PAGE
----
Israel braces for costly offensive

Security Cabinet OKs southern Lebanon push


JERUSALEM -- These are busy days on the rocky, shaded slopes of Mount Herzl military cemetery in Jerusalem.

While family and friends wept and embraced at the funeral of Staff Sgt. Phillip Mosko, one of the latest fatalities of Israel's war with Hezbollah, cemetery workers had cleared away ground to prepare for at least four other gravesites nearby.

Yesterday's decision by Israel's Security Cabinet to authorize a broader and risky ground offensive into southern Lebanon will mean these graves and perhaps scores more will be put to use in the weeks ahead.

Prime Minister Ehud Olmert decided to put the campaign on hold for two or three days to see whether diplomatic efforts will produce results, the Associated Press reported a senior Israeli government official said on condition of anonymity.

But even without the broader offensive, 15 soldiers were killed yesterday - the Israeli military's deadliest day in the conflict thus far.

An aggressive push of at least 20 miles into Lebanon to the Litani River or even beyond with the goal of significantly reducing Hezbollah's ability to fire missiles into northern Israel will likely be costly.

It will expose thousands of troops to Hezbollah's snipers, roadside mines and its most lethal weapon, the advanced anti-tank missiles that are wreaking havoc against Israel's armored vehicles. One of those missiles killed Mosko, 21, a paramedic, while he was riding early Tuesday in an armored vehicle in the Lebanese town of Debel.

In the grim arithmetic of battle, Mosko's death might be an indicator of the bloody cost-benefit ratio of the next phase of the campaign. Mosko was one of five soldiers killed in fighting during a 24-hour period in which Israeli forces reported killing 30 Hezbollah fighters and eliminating more than a dozen rocket launchers.

Before voting in favor of the new offensive, the Security Cabinet mulled its options for six hours, reflecting the deep concerns about the prospect of heavy casualties and likely criticism that Israel is not giving diplomacy a chance to establish a cease-fire.

This week Israeli fatalities reach 103, including 36 civilians. (At least 700 Lebanese have been killed, including as many as 400 Hezbollah fighters, Israeli officials say.) According to some estimates in the Israeli media yesterday, Israel can expect a hundred or more fatalities during the expanded ground operation.

But those are losses that Israeli society, increasingly impatient with the army's slow performance in Lebanon, appears to be willing to tolerate if it means an end to rocket attacks and a clear victory.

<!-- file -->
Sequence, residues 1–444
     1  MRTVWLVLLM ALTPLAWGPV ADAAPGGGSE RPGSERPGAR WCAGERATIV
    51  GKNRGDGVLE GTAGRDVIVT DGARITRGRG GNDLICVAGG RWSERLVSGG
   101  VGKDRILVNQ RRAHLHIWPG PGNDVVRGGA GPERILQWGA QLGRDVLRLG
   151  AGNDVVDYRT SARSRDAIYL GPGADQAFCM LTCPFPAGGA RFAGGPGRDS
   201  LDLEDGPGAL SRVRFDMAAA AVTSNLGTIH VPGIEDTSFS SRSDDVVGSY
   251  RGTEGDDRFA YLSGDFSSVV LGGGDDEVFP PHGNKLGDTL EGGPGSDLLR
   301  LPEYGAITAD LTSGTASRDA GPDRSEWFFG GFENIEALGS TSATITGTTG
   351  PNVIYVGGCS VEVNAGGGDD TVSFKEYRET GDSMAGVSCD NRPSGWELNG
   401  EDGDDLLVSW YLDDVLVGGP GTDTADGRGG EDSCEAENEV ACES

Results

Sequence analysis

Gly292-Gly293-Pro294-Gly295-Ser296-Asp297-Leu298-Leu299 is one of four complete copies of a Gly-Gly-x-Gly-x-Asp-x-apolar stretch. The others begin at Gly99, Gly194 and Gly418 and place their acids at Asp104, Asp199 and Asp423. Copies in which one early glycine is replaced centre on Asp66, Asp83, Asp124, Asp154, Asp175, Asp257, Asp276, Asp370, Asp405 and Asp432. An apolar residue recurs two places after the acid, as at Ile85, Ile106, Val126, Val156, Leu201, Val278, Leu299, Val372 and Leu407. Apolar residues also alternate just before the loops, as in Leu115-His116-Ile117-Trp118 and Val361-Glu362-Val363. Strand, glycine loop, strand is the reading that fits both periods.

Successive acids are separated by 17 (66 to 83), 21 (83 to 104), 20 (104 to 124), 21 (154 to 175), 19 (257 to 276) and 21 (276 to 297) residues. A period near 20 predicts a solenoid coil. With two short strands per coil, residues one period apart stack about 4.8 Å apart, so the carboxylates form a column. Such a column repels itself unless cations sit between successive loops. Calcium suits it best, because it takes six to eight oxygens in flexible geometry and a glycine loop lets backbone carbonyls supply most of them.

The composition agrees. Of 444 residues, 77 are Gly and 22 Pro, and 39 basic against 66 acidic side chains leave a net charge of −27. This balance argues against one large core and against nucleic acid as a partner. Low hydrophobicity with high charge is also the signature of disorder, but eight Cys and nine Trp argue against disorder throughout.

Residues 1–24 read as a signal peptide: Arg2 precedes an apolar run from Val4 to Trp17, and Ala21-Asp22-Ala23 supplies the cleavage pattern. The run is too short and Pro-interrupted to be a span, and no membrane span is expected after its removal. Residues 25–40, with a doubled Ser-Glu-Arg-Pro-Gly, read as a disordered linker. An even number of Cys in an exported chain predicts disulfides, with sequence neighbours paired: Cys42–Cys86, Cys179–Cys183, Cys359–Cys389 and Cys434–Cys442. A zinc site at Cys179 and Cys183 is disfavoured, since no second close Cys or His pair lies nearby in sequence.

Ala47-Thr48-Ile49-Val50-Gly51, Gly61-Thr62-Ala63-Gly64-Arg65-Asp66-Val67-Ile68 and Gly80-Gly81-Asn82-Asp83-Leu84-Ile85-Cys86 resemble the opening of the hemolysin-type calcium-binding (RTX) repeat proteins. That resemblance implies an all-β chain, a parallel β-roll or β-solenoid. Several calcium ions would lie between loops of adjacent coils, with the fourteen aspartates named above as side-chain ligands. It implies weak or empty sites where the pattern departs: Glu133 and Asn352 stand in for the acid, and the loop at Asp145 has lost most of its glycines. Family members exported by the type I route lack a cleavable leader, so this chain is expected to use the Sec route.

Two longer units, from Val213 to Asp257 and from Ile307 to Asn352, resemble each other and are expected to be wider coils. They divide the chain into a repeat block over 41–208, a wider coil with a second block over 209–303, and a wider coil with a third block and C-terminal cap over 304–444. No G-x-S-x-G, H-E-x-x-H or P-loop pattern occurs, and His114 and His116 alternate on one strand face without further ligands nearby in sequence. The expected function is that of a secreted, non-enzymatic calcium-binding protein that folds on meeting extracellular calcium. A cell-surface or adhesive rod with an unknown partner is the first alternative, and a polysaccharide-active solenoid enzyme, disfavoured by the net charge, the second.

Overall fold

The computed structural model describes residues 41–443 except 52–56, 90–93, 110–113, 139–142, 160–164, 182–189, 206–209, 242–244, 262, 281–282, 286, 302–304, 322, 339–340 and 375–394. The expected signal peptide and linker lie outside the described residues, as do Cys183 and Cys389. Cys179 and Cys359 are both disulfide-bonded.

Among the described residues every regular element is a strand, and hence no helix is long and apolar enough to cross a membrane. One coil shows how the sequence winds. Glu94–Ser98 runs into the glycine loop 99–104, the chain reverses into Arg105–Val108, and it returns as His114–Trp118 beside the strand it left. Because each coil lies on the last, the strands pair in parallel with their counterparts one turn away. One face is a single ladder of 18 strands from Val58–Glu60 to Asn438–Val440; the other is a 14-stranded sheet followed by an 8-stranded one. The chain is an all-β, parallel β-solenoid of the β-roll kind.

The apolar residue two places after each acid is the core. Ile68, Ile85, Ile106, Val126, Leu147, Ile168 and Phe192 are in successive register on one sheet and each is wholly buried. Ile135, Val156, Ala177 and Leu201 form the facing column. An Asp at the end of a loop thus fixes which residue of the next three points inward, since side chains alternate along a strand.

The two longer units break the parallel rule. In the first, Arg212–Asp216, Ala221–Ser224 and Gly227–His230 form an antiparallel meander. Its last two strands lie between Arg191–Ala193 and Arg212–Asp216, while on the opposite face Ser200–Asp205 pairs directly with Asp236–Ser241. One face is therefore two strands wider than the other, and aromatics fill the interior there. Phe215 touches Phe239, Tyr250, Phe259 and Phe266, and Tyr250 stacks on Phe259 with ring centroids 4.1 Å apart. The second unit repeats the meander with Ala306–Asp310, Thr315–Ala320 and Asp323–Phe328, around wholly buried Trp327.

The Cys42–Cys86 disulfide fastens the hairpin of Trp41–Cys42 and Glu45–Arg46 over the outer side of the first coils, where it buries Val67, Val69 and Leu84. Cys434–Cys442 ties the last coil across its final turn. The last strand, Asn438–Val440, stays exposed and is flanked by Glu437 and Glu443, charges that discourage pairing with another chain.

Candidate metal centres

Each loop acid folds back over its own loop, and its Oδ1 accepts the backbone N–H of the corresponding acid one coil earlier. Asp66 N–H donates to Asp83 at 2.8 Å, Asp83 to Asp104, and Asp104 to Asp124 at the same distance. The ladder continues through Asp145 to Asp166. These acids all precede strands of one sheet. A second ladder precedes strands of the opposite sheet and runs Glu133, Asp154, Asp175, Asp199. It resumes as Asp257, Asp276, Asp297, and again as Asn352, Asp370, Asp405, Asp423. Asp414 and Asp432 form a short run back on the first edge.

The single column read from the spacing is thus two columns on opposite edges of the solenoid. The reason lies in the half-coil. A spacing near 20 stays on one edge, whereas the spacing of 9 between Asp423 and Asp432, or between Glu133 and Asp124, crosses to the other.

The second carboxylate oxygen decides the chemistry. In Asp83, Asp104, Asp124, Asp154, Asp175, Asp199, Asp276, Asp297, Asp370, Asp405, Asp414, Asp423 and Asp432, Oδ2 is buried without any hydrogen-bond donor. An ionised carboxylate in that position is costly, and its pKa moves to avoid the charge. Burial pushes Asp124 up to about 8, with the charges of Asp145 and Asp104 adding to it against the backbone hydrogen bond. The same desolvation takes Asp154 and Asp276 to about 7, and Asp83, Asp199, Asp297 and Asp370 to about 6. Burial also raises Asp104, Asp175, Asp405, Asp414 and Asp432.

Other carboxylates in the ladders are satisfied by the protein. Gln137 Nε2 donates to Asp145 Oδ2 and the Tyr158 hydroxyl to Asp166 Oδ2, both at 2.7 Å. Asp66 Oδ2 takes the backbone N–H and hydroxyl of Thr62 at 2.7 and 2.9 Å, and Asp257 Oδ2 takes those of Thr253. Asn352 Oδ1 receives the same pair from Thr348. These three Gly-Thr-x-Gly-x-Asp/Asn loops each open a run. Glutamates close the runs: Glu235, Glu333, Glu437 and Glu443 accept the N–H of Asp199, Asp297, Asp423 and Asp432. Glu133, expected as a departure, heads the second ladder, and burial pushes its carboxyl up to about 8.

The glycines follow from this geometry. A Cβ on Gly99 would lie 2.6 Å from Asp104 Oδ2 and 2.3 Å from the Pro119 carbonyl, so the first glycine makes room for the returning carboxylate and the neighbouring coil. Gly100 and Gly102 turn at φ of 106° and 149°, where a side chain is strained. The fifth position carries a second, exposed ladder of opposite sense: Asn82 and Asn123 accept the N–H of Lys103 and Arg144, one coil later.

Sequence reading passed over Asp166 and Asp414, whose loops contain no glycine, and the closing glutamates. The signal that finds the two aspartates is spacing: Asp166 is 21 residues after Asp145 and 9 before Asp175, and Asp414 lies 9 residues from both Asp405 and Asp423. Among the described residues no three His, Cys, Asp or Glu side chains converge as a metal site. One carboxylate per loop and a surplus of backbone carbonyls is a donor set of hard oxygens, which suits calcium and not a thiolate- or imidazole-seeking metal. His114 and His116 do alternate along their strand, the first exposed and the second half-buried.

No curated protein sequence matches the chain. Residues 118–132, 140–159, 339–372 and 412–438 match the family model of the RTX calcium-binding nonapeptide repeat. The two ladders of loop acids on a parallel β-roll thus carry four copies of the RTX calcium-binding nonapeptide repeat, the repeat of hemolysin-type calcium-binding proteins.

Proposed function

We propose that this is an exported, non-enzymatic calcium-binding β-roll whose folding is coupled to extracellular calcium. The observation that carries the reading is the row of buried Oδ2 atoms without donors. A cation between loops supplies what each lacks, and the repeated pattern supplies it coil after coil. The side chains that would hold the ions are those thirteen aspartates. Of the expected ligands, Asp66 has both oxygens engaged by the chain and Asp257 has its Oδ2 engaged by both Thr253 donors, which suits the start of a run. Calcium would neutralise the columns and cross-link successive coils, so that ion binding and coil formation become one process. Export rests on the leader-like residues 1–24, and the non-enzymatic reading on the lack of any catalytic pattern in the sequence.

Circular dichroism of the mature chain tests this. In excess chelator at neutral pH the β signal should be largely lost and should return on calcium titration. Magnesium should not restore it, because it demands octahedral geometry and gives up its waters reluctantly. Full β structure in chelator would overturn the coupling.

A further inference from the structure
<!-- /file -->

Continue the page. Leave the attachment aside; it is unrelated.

"We must win this," Yitzhak Fishelevich, Mosko's high school history teacher, said walking slowly away from his student's grave. `This is the price we pay. It is a terrible price but it is the price to live or not to live. This is a war of Israel's existence."

Nor will it likely be its last. Mosko is buried on a hillside covered with headstones of other Israeli soldiers who have fought and died in Israel's wars since its 1948 War of Independence. Each war instilled fear in Israel's neighbors and assured - for a time - that they would think twice before attacking Israel again.

But after nearly a full month of fighting Hezbollah, Israeli forces have failed to deliver a decisive victory, severely eroding the Jewish state's hard-won deterrent capability, critics say. Images of funerals like Mosko's, Israeli tanks crippled by Hezbollah missiles and weary Israel troops returning from the front lines have deflated Israel's image in the Middle East as an unstoppable fighting force.

Meanwhile, the horrific scenes of destruction in Lebanon from Israeli warplanes have largely erased international support for Israel since Hezbollah kidnapped two Israel soldiers last month, triggering this conflict.

"There are a lot of people in the Arab world who feel there is reason to be encouraged by the fact that Israel didn't finish this problem as quickly or as elegantly as its reputation would have led some people to believe. To the point where Hezbollah will undoubtedly declare victory no matter what happens," said Mark Heller, a senior researcher at Tel Aviv University's Jaffee Center for Strategic Studies.

Many of Israel's troubles have been attributed to the surprising battle skills and equipment of the Hezbollah fighters. But military analysts also place some of the blame on the Israeli military's weaknesses.

Martin Van Creveld, a military historian, is not surprised by the Israeli Defense Forces' difficulties on the battlefield.

In an interview last week with the weekly newspaper Yerushalayim, Creveld, a professor at Hebrew University on sabbatical in Germany, offered a blunt analysis of the Israel Defense Forces, criticizing them for becoming soft while fighting inferior enemies during the past 30 years.

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